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While high-speed SERDES serial communications seems to currently be at the cutting edge of technology, maybe it will shortly become an antiquated low-speed solution--even speed-of-light fiber optics may become obsolete. This month, we’ll look at how quantum physics is transforming our world and how it could affect PCB design.
Differential signaling evolved due to the fact that high-speed, synchronous, parallel busses were getting increasingly wider--consuming more real estate--and faster until signal integrity issues forced a fundamental change in strategy. Multi-gigabit design is now the norm with up to 10 Gbps SERDES devices commonly available in FPGAs. Beyond the theoretical 12 Gbps limit, optical interconnects become the only solution. But are they?
Using quantum entanglement, devices may be able to transfer data at >10,000 times the speed of light over large distances and also possibly across time itself. Entanglement is a property in quantum physics that seemed so unbelievable and so lacking in detail that, 66 years ago, Einstein called it "spooky action at a distance.”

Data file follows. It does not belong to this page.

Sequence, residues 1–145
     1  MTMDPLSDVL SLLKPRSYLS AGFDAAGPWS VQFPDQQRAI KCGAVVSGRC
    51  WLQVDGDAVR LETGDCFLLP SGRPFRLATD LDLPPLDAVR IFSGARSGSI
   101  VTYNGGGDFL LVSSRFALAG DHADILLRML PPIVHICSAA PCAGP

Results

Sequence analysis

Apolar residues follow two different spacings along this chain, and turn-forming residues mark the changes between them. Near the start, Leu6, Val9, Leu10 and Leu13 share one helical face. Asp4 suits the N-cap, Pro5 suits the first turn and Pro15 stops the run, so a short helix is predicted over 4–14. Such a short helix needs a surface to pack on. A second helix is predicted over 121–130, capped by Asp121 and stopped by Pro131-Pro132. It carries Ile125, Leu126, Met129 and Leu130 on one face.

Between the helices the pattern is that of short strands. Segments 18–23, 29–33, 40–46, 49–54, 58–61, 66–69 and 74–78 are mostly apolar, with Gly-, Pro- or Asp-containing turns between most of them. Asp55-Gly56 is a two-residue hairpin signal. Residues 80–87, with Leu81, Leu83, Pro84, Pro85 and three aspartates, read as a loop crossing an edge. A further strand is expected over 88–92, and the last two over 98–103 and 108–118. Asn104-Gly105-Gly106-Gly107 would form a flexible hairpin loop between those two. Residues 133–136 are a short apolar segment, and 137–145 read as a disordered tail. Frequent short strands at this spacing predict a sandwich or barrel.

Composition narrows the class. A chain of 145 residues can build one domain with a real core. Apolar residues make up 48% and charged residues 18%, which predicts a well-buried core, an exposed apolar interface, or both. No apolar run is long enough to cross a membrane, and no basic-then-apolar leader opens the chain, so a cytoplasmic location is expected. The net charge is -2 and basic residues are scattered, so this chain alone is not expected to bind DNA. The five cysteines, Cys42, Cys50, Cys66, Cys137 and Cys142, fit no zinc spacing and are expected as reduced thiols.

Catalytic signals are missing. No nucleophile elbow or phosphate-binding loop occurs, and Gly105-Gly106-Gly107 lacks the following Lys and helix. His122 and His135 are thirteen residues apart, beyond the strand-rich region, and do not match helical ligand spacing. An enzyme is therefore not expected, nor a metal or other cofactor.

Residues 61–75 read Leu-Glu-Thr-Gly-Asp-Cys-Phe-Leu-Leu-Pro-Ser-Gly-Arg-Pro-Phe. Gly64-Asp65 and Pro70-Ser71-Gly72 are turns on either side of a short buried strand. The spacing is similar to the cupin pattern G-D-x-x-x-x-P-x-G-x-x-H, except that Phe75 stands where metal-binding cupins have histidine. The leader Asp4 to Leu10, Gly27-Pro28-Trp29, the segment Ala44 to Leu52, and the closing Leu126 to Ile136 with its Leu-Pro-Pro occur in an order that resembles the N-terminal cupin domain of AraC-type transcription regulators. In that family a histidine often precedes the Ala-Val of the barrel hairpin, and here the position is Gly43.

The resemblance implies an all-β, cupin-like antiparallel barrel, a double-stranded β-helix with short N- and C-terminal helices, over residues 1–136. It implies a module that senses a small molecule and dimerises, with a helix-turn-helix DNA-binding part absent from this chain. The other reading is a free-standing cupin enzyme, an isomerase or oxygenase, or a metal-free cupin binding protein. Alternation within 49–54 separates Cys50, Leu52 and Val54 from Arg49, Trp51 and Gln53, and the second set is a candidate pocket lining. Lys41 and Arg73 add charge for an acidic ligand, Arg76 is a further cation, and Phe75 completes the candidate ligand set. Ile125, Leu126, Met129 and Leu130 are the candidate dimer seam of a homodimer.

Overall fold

Einstein said, “The behaviors of materials down at the level of atoms are often strange, but entanglement borders on our concepts of sorcery.” Unfortunately, the Theory of Relativity does not describe the properties of quantum particles, and there still is a huge piece of the puzzle missing. Ideally, the laws of physics should apply equally to all matter in the universe.
If two electrons spinning in opposite directions are entangled, when one changes direction, the other immediately changes, whether the electrons are side by side, across the room or at opposite ends of the universe. Other particles, such as photons, atoms and molecules, can also become entangled, but taking advantage of the property requires more than a pair or handful.
Entanglement occurs when two particles are so intensely linked that they share the same existence. It arises naturally when two particles are created at the same point and instant in space. Entangled particles can become widely separated in space. But even so, the math implies that a measurement on one immediately influences the other, regardless of the distance between them.
Editor's Note: This column originally appeared in the November 2013 issue of The PCB Design Magazine.
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